According to Jewish tradition, your bridegroom must go home to his father and prepare a home for you. You must wait until Our Father says it's ready for us and then you can spend all eternity with him. In my Father's house are many rooms. If it were not so, would I have told you that I go to prepare a place for you? (John 14:2 ESV)   Since I began celebrating Lent a few years ago, I have tried to be intentional about how I celebrate the Lenten season.  Lent is a time of fasting, of prayer, and of alms giving in preparation for Easter, the return of the bridegroom to the church.  The Lover of our Souls has conquered death, has returned to this earth to prove His fulfillment of His promise to us and will come again to judge the living and the dead.  When we speak of the dead, we usually speak of the dead and buried. But sometimes we can be dead in spirit, we have no hope and no freedom. We belong to the world. Slaves to it.  But Christ has paid your bride price.  You don't have to belong to the world any longer. You've become alive in Christ!  Easter is a celebration of your marriage to the King of Kings, and His journey to prepare your home for you! In his love we have a hope and freedom.  You do not have to do anything to win his love. He already loves you. You already belong to him!  So in this time of preparation, in the time of anniversary between meeting your lover, and your wedding day. How do you celebrate? What do you want more than anything when your anticipated the return of your lover? What do you do in the anticipation of seeing him? Part of what I will be doing for lent is participating in the bloom book club on Prayer: Finding the Hearts True Home by Richard J. Foster. (You still have time to join them if you wish.)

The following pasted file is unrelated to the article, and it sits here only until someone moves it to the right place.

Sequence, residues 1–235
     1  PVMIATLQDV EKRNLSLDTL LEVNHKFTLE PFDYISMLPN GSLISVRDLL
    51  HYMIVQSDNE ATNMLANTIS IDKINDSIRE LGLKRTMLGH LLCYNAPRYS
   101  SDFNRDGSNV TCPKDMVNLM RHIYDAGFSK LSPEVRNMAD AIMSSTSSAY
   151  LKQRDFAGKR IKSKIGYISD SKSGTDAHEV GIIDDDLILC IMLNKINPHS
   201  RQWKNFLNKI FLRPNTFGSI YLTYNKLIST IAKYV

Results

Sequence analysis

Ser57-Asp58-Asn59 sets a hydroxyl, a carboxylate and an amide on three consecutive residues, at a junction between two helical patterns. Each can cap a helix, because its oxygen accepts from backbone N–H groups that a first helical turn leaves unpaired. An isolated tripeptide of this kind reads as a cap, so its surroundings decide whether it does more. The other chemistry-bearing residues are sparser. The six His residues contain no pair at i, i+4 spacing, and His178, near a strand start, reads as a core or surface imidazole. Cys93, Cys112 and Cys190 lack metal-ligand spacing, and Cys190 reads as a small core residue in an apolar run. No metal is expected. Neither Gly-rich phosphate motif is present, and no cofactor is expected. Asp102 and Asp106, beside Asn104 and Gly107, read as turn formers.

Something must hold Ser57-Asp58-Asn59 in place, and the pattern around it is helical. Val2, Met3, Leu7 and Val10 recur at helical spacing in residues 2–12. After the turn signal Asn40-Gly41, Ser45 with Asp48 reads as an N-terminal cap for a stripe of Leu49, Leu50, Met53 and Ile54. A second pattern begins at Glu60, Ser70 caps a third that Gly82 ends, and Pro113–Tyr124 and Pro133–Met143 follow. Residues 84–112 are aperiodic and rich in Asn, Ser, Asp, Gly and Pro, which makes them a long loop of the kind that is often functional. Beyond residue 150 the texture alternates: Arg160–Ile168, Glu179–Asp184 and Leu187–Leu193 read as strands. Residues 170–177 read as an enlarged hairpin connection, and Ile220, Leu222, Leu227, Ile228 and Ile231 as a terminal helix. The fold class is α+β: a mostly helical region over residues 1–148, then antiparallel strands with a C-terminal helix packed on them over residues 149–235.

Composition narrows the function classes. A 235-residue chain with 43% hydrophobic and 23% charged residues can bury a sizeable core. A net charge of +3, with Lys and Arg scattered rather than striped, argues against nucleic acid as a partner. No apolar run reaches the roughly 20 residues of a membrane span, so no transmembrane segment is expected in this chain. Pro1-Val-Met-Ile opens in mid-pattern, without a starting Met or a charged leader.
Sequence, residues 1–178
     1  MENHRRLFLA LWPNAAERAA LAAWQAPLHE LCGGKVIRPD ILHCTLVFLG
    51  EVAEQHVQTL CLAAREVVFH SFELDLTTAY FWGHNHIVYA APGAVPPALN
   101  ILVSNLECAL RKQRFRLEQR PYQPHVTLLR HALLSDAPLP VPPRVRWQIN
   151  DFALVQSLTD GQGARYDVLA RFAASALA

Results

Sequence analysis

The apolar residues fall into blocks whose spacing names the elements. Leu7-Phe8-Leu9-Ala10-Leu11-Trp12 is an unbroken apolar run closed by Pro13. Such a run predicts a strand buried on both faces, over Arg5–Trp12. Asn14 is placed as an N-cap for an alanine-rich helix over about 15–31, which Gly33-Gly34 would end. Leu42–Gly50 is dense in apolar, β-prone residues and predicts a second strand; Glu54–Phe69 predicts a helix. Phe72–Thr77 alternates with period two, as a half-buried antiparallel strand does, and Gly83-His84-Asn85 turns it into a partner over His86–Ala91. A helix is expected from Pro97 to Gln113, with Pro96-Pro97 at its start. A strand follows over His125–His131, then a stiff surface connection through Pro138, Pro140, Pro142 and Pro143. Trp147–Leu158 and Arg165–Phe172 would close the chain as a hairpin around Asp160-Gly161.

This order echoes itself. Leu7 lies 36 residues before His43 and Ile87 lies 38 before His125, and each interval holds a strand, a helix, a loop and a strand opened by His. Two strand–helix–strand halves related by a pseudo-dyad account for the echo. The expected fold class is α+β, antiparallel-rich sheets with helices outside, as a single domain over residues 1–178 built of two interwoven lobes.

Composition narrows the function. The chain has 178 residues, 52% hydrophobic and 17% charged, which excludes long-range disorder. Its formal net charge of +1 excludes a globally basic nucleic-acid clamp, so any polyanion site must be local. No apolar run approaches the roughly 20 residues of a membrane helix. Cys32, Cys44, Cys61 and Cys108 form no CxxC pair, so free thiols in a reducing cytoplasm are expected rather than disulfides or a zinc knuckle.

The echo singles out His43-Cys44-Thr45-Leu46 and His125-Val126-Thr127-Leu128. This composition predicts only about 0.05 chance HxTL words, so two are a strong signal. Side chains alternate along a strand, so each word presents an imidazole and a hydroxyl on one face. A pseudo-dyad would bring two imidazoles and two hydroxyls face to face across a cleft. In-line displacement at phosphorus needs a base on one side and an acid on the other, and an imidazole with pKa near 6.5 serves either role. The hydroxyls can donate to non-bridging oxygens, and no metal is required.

When you are waiting and longing for your lover, what's more comforting than communicating with him?

Excerpted from

A Prayer for a Gospel-saturated Grace-inundated Lent

                                                         by Scotty Smith 
     And Jesus said to them, “Can the wedding guests fast while the bridegroom is with them? As long as they have the bridegroom with them, they cannot fast. But days will come when the bridegroom is taken away from them, and then they will fast in that day.” Mark 2:19-20
"For the next forty days we have the privilege of focusing our hearts, surveying your cross, and preparing for the greatest of all celebrations: Easter—the foundation of our hope and the fountain of eternal joy. What a great opportunity and gift.
For your glory and our growth, we ask you to inundate us with fresh grace in the coming weeks. We don’t want an ordinary Lenten season, Jesus. Saturate it with the gospel; overwhelm us with your daily mercies; stun us with your steadfast love—the only love that will never come to an end. It’s all about you, Jesus, it’s all about you what you’ve done for us, not what we promise to do for you.
 You’re calling us to repentant faith, not penitent doubt. We’re a betrothed bride, not a berated people—those upon whom you’ve set your heart and lavished your love.
Indeed, Jesus, we begin Lent today anticipating our wedding, not our funeral, for you’re the loving bridegroom who died to make us your cherished bride. The work’s already done; the dowry has been paid in full; the wedding dress of your righteousness is already ours; the invitations have been sent out; the date has been secured; and you’ll not change your mind! Hallelujah! Hallelujah! Hallelujah!
Over these next forty days intensify our hunger for you, Lord, and ignite our longing for the day of your return—the Day of consummate joy, the wedding feast of the Lamb. In light of that banquet, we choose to deny ourselves (fast from) certain pleasures for this brief season. But we’re not looking to get one thing fromyou, Jesus—just more of you. Fill our hearts with your beauty and bounty, so very Amen we pray, in your holy and loving name.
Let this thought govern your life: Jesus Christ came to betroth a people to himself at the price of his own blood. If I am a part of that betrothed people by faith in Jesus, he will come to me (and all who believe in him) and say, “Come, O faithful bride, enter into my gardens and into my chambers and learn now for eternity what the dim shadows of earthly pleasures were all about.
                                                                                                                      ~John Piper